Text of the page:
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Net::SMTP(3p)    Perl Programmers Reference Guide   Net::SMTP(3p)

       Net::SMTP - Simple Mail Transfer Protocol Client

           use Net::SMTP;

           # Constructors
           $smtp = Net::SMTP->new('mailhost');
           $smtp = Net::SMTP->new('mailhost', Timeout => 60);

       This module implements a client interface to the SMTP and
       ESMTP protocol, enabling a perl5 application to talk to
       SMTP servers. This documentation assumes that you are
       familiar with the concepts of the SMTP protocol described
       in RFC821.

       A new Net::SMTP object must be created with the new
       method. Once this has been done, all SMTP commands are
       accessed through this object.

       The Net::SMTP class is a subclass of Net::Cmd and

       This example prints the mail domain name of the SMTP
       server known as mailhost:

           #!/usr/local/bin/perl -w

           use Net::SMTP;

           $smtp = Net::SMTP->new('mailhost');
           print $smtp->domain,"\n";

       This example sends a small message to the postmaster at
       the SMTP server known as mailhost:

           #!/usr/local/bin/perl -w

           use Net::SMTP;

           $smtp = Net::SMTP->new('mailhost');


           $smtp->datasend("To: postmaster\n");
           $smtp->datasend("A simple test message\n");

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Net::SMTP(3p)    Perl Programmers Reference Guide   Net::SMTP(3p)


       new ( [ HOST ] [, OPTIONS ] )
           This is the constructor for a new Net::SMTP object.
           "HOST" is the name of the remote host to which an SMTP
           connection is required.

           "HOST" is optional. If "HOST" is not given then it may
           instead be passed as the "Host" option described
           below. If neither is given then the "SMTP_Hosts" spec-
           ified in "Net::Config" will be used.

           "OPTIONS" are passed in a hash like fashion, using key
           and value pairs.  Possible options are:

           Hello - SMTP requires that you identify yourself. This
           option specifies a string to pass as your mail domain.
           If not given localhost.localdomain will be used.

           Host - SMTP host to connect to. It may be a single
           scalar, as defined for the "PeerAddr" option in
           IO::Socket::INET, or a reference to an array with
           hosts to try in turn. The "host" method will return
           the value which was used to connect to the host.

           LocalAddr and LocalPort - These parameters are passed
           directly to IO::Socket to allow binding the socket to
           a local port.

           Timeout - Maximum time, in seconds, to wait for a
           response from the SMTP server (default: 120)

           ExactAddresses - If true the all ADDRESS arguments
           must be as defined by "addr-spec" in RFC2822. If not
           given, or false, then Net::SMTP will attempt to
           extract the address from the value passed.

           Debug - Enable debugging information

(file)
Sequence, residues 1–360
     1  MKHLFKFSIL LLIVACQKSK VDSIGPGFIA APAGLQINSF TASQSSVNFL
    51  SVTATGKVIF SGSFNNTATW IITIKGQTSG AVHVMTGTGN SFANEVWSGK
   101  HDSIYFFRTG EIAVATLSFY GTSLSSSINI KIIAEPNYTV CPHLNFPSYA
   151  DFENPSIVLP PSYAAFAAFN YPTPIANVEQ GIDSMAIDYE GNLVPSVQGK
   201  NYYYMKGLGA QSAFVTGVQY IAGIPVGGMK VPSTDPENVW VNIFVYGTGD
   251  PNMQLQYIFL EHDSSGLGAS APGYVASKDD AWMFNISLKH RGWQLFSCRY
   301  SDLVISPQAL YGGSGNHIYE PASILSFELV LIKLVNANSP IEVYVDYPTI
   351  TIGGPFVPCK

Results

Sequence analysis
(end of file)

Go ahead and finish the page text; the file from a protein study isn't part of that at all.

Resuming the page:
$smtp = Net::SMTP->new('mailhost',
                                      Hello => 'my.mail.domain'
                                      Timeout => 30,
                                      Debug   => 1,

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Net::SMTP(3p)    Perl Programmers Reference Guide   Net::SMTP(3p)

               # the same
               $smtp = Net::SMTP->new(
                                      Host => 'mailhost',
                                      Hello => 'my.mail.domain'
                                      Timeout => 30,
                                      Debug   => 1,

               # Connect to the default server from Net::config
               $smtp = Net::SMTP->new(
                                      Hello => 'my.mail.domain'
                                      Timeout => 30,

       Unless otherwise stated all methods return either a true
       or false value, with true meaning that the operation was a
       success. When a method states that it returns a value,
       failure will be returned as undef or an empty list.

       banner ()
           Returns the banner message which the server replied
           with when the initial connection was made.

       domain ()
           Returns the domain that the remote SMTP server identi-
           fied itself as during connection.

       hello ( DOMAIN )
           Tell the remote server the mail domain which you are
           in using the EHLO command (or HELO if EHLO fails).
           Since this method is invoked automatically when the
           Net::SMTP object is constructed the user should nor-
           mally not have to call it manually.

       host ()
           Returns the value used by the constructor, and passed
           to IO::Socket::INET, to connect to the host.

       etrn ( DOMAIN )
           Request a queue run for the DOMAIN given.

       auth ( USERNAME, PASSWORD )
           Attempt SASL authentication.

       mail ( ADDRESS [, OPTIONS] )
       send ( ADDRESS )
       send_or_mail ( ADDRESS )
       send_and_mail ( ADDRESS )
           Send the appropriate command to the server MAIL, SEND,
           SOML or SAML. "ADDRESS" is the address of the sender.
           This initiates the sending of a message. The method
           "recipient" should be called for each address that the
           message is to be sent to.

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Net::SMTP(3p)    Perl Programmers Reference Guide   Net::SMTP(3p)

           The "mail" method can some additional ESMTP OPTIONS
           which is passed in hash like fashion, using key and
           value pairs.  Possible options are:

            Size        => <bytes>
            Return      => "FULL" | "HDRS"
            Bits        => "7" | "8" | "binary"
            Transaction => <ADDRESS>
            Envelope    => <ENVID>
            XVERP       => 1

           The "Return" and "Envelope" parameters are used for
           DSN (Delivery Status Notification).